Whether application runs on a local system, or over the Internet (commonly referred to as cloud), or both, some kind of application platform is required. An application platform can be thought of as anything that provides developer-accessible services for creating applications. Microsoft’s Windows Azure platform (originally known as the Azure Services Platform) is a group of cloud technologies, each providing a specific set of services to application developers. The Windows Azure platform can be used both by applications running in the cloud and by applications running on local systems (as shown in the figure below).
The components of the Windows Azure platform include:
1. Windows Azure: Provides a Windows-based environment for running applications and storing data on servers in Microsoft data centers.
2. SQL Azure: Provides data services in the cloud based on SQL Server.
3. .NET Services: Offers distributed infrastructure services to cloud-based and local applications.
Here we will discuss the details about each of the components of Azure Platform:
1. Windows Azure: At a high level, Windows Azure is a platform for running Windows applications and storing their data in the cloud. It runs on a large number of machines, all located in Microsoft data centers and accessible via the Internet. A common Windows Azure fabric knits this plethora of processing power into a unified whole. Windows Azure compute and storage services are built on top of this fabric.
Windows Azure Components:
a. Compute: The Windows Azure compute service is based, of course, on Windows. For the initial availability of this service, Microsoft allowed Windows Azure to run only applications built on the “.NET Framework”. Today, however, Windows Azure also supports unmanaged code, letting developers run applications that aren’t built on the “.NET Framework”. In either case, those applications are written in ordinary Windows languages—C#, Visual Basic, C++, and others—using Visual Studio 2008 or another development tool. Developers can create Web applications using technologies such as ASP.NET and Windows Communication Foundation (WCF), applications that run as independent background processes, or applications that combine the two.
b. Storage: Both Windows Azure applications and on-premises applications can access the Windows Azure storage service, and both do it in the same way: using a RESTful approach. The underlying data store is not Microsoft SQL Server, however. In fact, Windows Azure storage isn’t a relational system, and its query language isn’t SQL. Because it’s primarily designed to support applications built on Windows Azure, it provides simpler, more scalable kinds of storage. Accordingly, it allows storing binary large objects (blobs), provides queues for communication between components of Windows Azure applications, and even offers a form of tables with a simple query language. (For Windows Azure applications that do need traditional relational storage, however, the Windows Azure platform provides SQL Azure Database, described later.) Running applications and storing their data in the cloud can have clear benefits. Rather than buying, installing, and operating its own systems, for example, an organization can rely on a cloud provider to do this for them. Also, customers pay just for the computing and storage they use, rather than maintaining a large set of servers only for peak loads. And if they’re written correctly, applications can scale easily, taking advantage of the enormous data centers that cloud providers offer.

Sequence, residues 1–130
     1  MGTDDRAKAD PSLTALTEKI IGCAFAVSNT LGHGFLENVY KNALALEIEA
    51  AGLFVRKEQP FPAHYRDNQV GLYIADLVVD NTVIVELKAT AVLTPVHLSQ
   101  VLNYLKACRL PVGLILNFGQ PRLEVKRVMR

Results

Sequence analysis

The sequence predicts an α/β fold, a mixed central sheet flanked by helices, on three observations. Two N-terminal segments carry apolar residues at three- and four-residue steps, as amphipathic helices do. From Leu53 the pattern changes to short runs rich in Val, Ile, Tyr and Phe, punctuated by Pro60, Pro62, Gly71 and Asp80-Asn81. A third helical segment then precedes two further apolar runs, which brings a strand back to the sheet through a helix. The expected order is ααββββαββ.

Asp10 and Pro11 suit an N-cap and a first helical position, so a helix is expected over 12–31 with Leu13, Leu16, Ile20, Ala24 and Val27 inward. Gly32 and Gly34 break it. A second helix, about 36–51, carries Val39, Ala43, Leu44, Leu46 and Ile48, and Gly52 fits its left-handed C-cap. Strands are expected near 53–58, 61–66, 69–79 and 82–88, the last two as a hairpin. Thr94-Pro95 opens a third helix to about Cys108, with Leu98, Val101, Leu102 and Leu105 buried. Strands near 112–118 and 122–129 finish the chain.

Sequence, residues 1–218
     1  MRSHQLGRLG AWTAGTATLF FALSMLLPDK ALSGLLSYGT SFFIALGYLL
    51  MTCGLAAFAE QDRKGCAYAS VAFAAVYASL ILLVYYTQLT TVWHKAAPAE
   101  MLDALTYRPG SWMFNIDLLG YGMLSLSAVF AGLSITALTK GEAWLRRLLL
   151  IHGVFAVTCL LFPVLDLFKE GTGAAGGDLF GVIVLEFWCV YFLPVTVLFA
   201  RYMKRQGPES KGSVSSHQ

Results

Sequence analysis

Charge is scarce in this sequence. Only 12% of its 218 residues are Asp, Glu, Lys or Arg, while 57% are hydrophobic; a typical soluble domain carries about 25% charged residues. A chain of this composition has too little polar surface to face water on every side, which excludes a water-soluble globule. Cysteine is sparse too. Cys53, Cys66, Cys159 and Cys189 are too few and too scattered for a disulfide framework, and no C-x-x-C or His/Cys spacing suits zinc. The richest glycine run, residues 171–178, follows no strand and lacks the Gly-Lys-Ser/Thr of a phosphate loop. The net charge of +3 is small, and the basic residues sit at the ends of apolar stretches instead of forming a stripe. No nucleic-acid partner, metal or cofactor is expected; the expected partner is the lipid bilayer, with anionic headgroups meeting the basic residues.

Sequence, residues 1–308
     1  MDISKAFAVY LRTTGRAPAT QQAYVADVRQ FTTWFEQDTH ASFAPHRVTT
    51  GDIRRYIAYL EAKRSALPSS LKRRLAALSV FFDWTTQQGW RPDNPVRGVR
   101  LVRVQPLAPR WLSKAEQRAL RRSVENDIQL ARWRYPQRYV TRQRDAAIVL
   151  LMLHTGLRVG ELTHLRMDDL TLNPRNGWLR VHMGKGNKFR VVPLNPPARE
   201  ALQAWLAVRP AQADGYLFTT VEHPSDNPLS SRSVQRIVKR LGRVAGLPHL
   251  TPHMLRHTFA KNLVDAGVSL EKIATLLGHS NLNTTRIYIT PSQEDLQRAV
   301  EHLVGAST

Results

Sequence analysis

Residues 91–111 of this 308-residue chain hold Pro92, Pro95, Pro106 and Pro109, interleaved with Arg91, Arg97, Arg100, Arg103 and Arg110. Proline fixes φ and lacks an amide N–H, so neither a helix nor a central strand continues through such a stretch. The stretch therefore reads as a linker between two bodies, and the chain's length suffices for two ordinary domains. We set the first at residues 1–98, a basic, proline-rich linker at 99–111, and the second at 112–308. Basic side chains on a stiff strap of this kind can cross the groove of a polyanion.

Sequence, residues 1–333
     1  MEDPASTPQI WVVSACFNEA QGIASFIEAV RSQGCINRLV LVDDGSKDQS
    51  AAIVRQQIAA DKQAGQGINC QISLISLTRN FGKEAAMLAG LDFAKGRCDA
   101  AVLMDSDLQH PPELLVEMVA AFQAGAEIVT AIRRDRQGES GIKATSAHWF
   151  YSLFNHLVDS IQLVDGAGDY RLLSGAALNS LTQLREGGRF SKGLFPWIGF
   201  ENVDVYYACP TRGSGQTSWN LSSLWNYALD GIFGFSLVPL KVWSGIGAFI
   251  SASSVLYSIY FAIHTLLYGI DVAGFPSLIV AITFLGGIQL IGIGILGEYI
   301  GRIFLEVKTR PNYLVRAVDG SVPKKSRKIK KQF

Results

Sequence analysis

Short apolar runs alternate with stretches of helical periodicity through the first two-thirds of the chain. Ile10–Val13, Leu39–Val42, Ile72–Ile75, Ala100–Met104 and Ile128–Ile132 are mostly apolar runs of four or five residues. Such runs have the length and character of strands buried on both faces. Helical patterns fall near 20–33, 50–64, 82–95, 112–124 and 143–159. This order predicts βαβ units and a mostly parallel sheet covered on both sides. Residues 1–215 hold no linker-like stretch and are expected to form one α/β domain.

c. Config: Achieving benefits mentioned above requires effective management. In Windows Azure, each application has a configuration file. By changing the information in this file manually or programmatically, an application’s owner can control various aspects of its behavior, such as setting the number of instances that Windows Azure should run. The Windows Azure fabric monitors the application to maintain this desired state. To let its customers create, configure, and monitor applications, Windows Azure provides a browser-accessible portal. A customer provides a Windows Live ID and then chooses whether to create a hosting account for running applications, a storage account for storing data, or both. An application is free to charge its customers in any way it likes: subscriptions, per-user fees, or anything else.